The rising frequency and sophistication of cybercriminal activity is a major threat to the world.
According to the World Economic Forum’s 2022 Global Risks Report, ransomware attacks have increased by 435% since 2020. Furthermore, there is an estimated shortage of 3 million cybersecurity professionals worldwide.
To catch up, businesses and governments are expected to increase their spending on cybersecurity over the next several years.
The Global X Cybersecurity ETF is a passively managed solution that can be used to gain exposure to the rising adoption of cybersecurity technologies. Click the link to learn more.
Can You Calculate Your Daily Carbon Footprint?
Discover how the average person’s carbon footprint impacts the environment and learn how carbon credits can offset your carbon footprint.
Your Everyday Carbon Footprint
While many large businesses and countries have committed to net-zero goals, it is essential to acknowledge that your everyday activities also contribute to global emissions.
In this graphic, sponsored by Carbon Streaming Corporation, we will explore how the choices we make and the products we use have a profound impact on our carbon footprint.
Carbon Emissions by Activity
Here are some of the daily activities and products of the average person and their carbon footprint, according to Clever Carbon.
|Household Activities & Products
|CO2 Emissions (g)
|💡 Standard Light Bulb (100 watts, four hours)
|📱 Mobile Phone Use (195 minutes per day)*
|👕 Washing Machine (0.63 kWh)
|🔥 Electric Oven (1.56 kWh)
|♨️ Tumble Dryer (2.5 kWh)
|🧻 Toilet Roll (2 ply)
|🚿 Hot Shower (10 mins)
|🚙 Daily Commute (one hour, by car)
|🍽️ Average Daily Food Consumption (three meals of 600 calories)
|*Phone use based on yearly use of 69kg per the source, Reboxed
Your choice of transportation plays a crucial role in determining your carbon footprint. For instance, a 15 km daily commute to work on public transport generates an average of 1,464 g of CO₂ emissions. Compared to 3,360 g—twice the volume for a journey the same length by car.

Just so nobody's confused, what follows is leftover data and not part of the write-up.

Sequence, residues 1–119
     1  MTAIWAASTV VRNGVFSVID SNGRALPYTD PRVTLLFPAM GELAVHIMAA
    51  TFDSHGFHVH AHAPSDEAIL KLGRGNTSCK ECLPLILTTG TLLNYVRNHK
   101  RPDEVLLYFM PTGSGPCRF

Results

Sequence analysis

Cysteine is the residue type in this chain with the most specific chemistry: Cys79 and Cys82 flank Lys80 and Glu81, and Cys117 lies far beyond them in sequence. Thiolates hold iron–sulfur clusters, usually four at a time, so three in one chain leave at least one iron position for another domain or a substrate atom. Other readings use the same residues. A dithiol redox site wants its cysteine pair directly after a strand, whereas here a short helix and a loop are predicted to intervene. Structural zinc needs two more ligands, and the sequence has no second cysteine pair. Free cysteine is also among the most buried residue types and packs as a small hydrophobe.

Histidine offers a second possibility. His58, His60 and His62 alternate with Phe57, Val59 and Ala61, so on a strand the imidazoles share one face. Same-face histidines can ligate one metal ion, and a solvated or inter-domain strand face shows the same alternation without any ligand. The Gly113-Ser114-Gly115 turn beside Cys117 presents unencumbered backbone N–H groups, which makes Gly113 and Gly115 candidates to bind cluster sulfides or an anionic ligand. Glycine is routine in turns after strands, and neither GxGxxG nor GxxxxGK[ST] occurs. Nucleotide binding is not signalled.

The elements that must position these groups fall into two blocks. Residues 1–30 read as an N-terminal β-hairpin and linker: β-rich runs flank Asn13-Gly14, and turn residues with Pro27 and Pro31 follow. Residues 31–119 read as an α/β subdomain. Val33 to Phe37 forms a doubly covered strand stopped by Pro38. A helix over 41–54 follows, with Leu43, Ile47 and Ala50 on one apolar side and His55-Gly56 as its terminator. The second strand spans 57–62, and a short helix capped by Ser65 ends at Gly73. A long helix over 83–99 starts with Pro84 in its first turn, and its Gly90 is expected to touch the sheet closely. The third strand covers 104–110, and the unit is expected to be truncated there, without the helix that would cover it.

By opting for more sustainable modes of transport, such as cycling, walking, or public transportation, you can significantly reduce your carbon footprint.
Addressing Your Carbon Footprint
One way to compensate for your emissions is by purchasing high-quality carbon credits.
Carbon credits are used to help fund projects that avoid, reduce or remove CO₂ emissions. This includes nature-based solutions such as reforestation and improved forest management, or technology-based solutions such as the production of biochar and carbon capture and storage (CCS).
While carbon credits offer a potential solution for individuals to help reduce global emissions, public awareness remains a significant challenge. A BCG-Patch survey revealed that only 34% of U.S. consumers are familiar with carbon credits, and only 3% have purchased them in the past.
About Carbon Streaming
By financing the creation or expansion of carbon projects, Carbon Streaming Corporation secures the rights to future carbon credits generated by these sustainable projects. You can then purchase these carbon credits to help fund climate solutions around the world and compensate for your own emissions.
Ready to get involved?